through the process. From stimulating the economy by putting more pocket in the factory

workers’ hands, to selling the product creating a cash-flow.

So just who are the stakeholders for MNEs? The same that there are for national

organizations, just a larger group. With facilities in multiple nations and stores along with them,

there are consumers from different cultures with different wants and needs that must be satisfied.

The employees in these countries need to be paid a fair wage when adjusted for exchange rates

and fair wage in that country. Also, internal stakeholders become much more diverse and the

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group becomes much larger when considering regional directors and public relations for new

regions. Different cultures require different managing tactics and different marketing campaigns,

which create more consultant positions and different regional boards. It becomes a more multi-

tier system with many more groups governing other groups.

One interesting addition to the typical stakeholder group is the addition of countries.

Nations involved with these MNEs also have a stake in how a company does because more often

than not, these companies help stimulate economic growth. Anderson (2017) makes the point of

treaties between countries that only allow certain companies and organizations to open new

factories or shops in these places. Likewise, the nation in which the company is based in wants to

ensure that the manufacturing plants remain to continue the growth at ‘home’ instead of cutting

jobs in favor of cheaper labor as mentioned previously in this paper.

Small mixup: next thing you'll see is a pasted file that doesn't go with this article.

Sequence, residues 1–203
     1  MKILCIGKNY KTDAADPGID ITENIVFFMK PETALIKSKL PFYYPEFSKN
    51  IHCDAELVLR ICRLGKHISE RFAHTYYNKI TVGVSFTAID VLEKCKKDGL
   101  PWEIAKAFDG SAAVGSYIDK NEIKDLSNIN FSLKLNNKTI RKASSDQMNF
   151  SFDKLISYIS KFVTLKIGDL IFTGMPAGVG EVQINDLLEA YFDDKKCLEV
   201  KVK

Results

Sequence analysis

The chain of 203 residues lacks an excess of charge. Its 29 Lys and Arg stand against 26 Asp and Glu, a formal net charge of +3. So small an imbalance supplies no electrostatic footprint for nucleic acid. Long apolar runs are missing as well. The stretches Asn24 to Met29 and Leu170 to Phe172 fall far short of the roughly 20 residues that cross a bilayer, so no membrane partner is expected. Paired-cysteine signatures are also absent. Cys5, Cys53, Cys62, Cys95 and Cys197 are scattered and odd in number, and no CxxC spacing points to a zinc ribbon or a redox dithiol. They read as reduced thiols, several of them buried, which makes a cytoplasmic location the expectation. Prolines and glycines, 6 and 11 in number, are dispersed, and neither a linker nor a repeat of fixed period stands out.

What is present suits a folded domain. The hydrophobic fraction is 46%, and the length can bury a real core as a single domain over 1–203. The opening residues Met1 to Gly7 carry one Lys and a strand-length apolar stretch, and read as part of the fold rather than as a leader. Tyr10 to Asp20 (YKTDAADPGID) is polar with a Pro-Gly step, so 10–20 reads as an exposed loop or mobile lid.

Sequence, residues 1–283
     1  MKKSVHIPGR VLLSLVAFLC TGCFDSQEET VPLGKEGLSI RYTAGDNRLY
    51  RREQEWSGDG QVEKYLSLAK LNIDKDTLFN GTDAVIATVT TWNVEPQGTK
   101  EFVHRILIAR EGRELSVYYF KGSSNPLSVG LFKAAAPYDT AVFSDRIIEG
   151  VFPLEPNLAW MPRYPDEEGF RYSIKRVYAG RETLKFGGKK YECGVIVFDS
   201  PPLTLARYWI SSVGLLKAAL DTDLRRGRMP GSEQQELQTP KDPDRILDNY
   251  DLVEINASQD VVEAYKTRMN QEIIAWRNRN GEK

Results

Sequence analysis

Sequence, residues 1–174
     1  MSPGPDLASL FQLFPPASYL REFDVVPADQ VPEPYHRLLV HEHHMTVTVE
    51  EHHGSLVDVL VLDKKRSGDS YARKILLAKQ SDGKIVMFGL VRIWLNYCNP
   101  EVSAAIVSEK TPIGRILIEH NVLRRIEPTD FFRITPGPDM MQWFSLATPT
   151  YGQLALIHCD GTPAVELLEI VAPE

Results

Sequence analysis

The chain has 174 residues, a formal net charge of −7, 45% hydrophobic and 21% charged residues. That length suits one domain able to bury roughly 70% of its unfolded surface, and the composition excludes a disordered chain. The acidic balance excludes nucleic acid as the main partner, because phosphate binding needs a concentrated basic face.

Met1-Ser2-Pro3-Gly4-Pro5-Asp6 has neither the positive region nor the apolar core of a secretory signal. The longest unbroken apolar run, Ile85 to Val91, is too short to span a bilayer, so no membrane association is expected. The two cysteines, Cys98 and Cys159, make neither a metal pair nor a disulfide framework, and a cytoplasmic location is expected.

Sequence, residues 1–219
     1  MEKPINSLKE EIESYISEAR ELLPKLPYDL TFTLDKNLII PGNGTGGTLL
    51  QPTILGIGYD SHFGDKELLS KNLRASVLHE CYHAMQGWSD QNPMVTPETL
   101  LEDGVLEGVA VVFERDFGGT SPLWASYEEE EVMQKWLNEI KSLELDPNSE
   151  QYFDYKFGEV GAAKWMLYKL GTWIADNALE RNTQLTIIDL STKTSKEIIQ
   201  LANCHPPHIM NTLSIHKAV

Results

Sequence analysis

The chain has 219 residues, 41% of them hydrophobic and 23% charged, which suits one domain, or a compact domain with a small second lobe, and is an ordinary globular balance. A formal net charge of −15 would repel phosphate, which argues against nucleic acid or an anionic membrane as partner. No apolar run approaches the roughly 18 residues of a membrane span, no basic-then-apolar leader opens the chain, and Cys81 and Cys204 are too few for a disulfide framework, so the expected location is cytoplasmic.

Stakeholder Relations

As explained previously, it is very easy for companies to find themselves in an ethical

dilemma. With all these international laws that change with the borders, as well as individual

executives making poor decisions based on personal want and greed instead of the benefit of the

company or the consumer, it is important for an organization to have a set of checks and balances

to remain as ethical as possible. One way to do this is to have a very positive and involved

relationship with the stakeholders.

Voegtlin, Patzer, and Scherer (2011) suggest a few ways to do this. One is to maintain a

level of legitimacy, meaning to establish and secure a set of morals for the company to follow

that transcends national borders. In other words, companies need to have a strong set of mission

and vision statements and believe in it thoroughly. Another way to look at is breaking down

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legitimacy into three smaller sections; pragmatic, moral, and cognitive legitimacy. Pragmatic is

when a company can satisfy their main stakeholders with their beliefs and standards. Moral

legitimacy is what it sounds like, what is the right thing to do for everyone involved. Lastly,

Voegtlin et al. (2012) says this about cognitive legitimacy, “Cognitive legitimacy rests on the

taken-for-granted assumptions of an organization’s role and behavior in a society.” The most

effective of these, according to the study, is moral legitimacy. Stakeholders must be involved in

the decision-making process every time in order to maintain a set of moral guidelines.